In our increasingly interconnected world, interconnected data and location intelligence are crucial to seeing what others can't. Using shared resources, Geospatial Collaboratives and their partners tackle challenges as varied as growing green economies, achieving sustainable development goals, improving equity and quality of life, and protecting people during public health emergencies like COVID-19.

For more answers to this and related questions, see the Esri UC 2020 Q&A

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Esri Contributor

Esri delivers a platform that encompasses and addresses all of the components of geospatial infrastructure—the people, data, technology, and science that allows organizations to visualize, analyze, plan, and act. The ArcGIS platform is engineered to tackle workflows and create solutions that integrate geographic knowledge for a greater understanding that underpins evidence-based decision making.

Learn more about geospatial infrastructure in the UC 2020 Plenary session: "GIS – Interconnecting Our World, Jack Dangermond" (16m:21s)

In the areas of geospatial infrastructure that Esri doesn’t own—such as constellations of earth observing satellites or data collection devices—we work directly with partners to ensure that our platform can ingest and manage data and work well on any device.

Esri’s geospatial infrastructure supports organizations and industries at many scales, uniting distributed information and making GIS accessible to everyone.

For more answers to this and related questions, see the Esri UC 2020 Q&A.

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Esri Contributor

Many frameworks have been used to describe the combination of geospatial data, science, hardware, and software that all contribute to this industry. Yet, a new term has been needed to provide a more holistic perspective. Geospatial infrastructure is a “system of systems” that interconnects people, processes, data, and technology. It has emerged as a contemporary vision to frame the increasingly integrated components of the geospatial industry.

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Esri Contributor

Many sessions and events at the UC are related to your Geospatial Collaborative’s organization, engagement, capacity building, and data & technology initiatives. Listed below are some favorites to help you find sessions organized by the topics that interest you most:

Download the Flier

Esri UC 2020: SDI and Geospatial Collaboratives Sessions Flier.pdf


SDI and Geospatial Collaboratives Session

UC Expo – Technical Workshop
on-demand
Implementing Next Generation SDI with ArcGIS*

Audience: Executive Sponsors, GIOs, GIS Managers, GIS Council Members and Stakeholders in government, industry, NGOs, higher education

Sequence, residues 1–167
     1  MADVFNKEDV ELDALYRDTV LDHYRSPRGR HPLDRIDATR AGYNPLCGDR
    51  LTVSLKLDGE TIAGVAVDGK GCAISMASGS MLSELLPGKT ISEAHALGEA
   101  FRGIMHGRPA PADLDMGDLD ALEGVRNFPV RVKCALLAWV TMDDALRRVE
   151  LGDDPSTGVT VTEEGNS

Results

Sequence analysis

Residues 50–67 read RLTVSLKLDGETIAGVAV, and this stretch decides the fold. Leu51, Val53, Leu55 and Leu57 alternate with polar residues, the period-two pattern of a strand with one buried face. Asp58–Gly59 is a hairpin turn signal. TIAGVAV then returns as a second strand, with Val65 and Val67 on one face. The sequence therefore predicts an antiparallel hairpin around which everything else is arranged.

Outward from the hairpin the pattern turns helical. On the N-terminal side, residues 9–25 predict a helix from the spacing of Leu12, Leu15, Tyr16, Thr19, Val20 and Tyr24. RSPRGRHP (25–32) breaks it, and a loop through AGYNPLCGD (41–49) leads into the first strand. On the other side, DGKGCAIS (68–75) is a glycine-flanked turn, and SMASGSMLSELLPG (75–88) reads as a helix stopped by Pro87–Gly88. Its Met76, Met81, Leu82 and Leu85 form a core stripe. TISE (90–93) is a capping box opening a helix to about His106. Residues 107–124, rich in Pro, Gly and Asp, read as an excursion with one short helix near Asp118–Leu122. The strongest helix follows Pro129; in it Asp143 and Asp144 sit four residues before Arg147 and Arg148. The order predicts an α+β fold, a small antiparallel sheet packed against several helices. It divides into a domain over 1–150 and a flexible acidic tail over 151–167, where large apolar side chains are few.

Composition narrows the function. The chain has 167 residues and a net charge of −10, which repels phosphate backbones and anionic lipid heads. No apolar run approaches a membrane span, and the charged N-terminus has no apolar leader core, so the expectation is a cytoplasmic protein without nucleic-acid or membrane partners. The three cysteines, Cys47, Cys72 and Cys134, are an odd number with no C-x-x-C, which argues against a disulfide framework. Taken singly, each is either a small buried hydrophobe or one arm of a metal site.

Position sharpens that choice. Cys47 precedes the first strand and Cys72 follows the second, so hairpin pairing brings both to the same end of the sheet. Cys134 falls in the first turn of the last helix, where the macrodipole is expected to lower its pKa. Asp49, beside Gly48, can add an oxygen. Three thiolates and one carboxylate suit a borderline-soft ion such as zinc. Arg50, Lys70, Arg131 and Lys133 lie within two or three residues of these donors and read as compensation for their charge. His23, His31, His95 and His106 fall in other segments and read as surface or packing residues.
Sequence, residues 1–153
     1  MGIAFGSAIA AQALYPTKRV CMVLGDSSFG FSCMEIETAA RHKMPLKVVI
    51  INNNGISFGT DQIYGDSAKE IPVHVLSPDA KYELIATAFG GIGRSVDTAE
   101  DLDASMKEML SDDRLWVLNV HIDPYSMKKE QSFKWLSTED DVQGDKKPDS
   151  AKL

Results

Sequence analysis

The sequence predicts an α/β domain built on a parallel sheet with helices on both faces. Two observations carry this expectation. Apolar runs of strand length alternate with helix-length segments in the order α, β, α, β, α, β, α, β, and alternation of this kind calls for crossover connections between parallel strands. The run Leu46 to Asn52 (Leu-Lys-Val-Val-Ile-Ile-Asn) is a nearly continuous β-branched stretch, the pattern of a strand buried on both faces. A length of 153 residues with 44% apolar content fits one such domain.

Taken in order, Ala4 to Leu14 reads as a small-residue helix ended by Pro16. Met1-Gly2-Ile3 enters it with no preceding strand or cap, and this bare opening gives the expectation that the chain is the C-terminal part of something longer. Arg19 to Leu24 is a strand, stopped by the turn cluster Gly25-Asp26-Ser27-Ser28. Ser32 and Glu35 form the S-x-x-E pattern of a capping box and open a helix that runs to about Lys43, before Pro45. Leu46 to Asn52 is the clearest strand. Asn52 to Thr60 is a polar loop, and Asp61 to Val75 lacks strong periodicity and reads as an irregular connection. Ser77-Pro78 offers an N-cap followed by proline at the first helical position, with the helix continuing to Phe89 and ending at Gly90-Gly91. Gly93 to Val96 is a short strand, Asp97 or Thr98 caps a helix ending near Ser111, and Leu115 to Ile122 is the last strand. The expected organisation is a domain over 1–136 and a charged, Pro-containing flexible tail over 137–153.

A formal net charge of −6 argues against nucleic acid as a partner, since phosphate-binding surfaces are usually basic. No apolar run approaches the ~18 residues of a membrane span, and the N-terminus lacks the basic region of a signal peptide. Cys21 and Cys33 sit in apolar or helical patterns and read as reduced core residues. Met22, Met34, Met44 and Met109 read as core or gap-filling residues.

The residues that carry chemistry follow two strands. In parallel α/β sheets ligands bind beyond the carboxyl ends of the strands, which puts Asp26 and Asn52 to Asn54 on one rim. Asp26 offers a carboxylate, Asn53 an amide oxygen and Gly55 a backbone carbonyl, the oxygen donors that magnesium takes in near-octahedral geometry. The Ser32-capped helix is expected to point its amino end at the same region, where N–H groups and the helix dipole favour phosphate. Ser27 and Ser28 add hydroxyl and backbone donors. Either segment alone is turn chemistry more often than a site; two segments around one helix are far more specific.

Spatial Data Infrastructures (SDIs) are rapidly evolving. Together, the internet and cloud computing are transforming the way organizations manage data and collaborate. Web GIS is significantly easier to use, deploy, and integrate into an SDI ecosystem than traditional system. Whether you call it an NSDI, OneMap, Regional Information System, Geoportal, or otherwise, SDI are pervasive at all levels of government and across many sectors. In this session you will learn how to leverage the ArcGIS platform to create new value for your SDI. Use ArcGIS Online and Hub with Open Data to set up a standards-compliant multi-organizational data sharing portal that will delight your partners and end-users.

*Join the Open Platform team virtually July 13-16, 2020 in the UC Expo for this and related on-demand Workshops and Demo Theater Presentations.


See the full post on SDI-related sessions here

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Esri Contributor

Here are some good practices for partners of data sharing portals built on ArcGIS Online and ArcGIS Hub. These guides focus on data management, stewardship, and sharing open data – with a purpose and audience distinctively different from the Help resources you may provide to end-users of your Hub site.

NC OneMap 2.0:  Best Practices for Supplying Data Within the Esri ArcGIS Online Environment guides contributing partners to prepare their data for successful discovery. Includes recommendations for preparing data and metadata and instructions on how to participate and share open data.

Open Data DC: Open Data Handbook a comprehensive guide to policies and guidelines for District data curation and publication. Documents dataset rules, metadata requirements, and policies to make data consistent and standardized, along with the data submission process.

Waikato Data Portal (New Zealand) is a cross-government regional programme. The page offers information about the programme and links to the NZ open data guide.

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Do you provide a guidance document for your ArcGIS Hub Open Data contributing partners? Get inspired by and inspire others! Share your partner guide in the comments below:

(banner public domain image credit: Flickr Jason Thibault, BAnQ Grande Bibliothèque Mid Level (Montreal), massivekontent.com)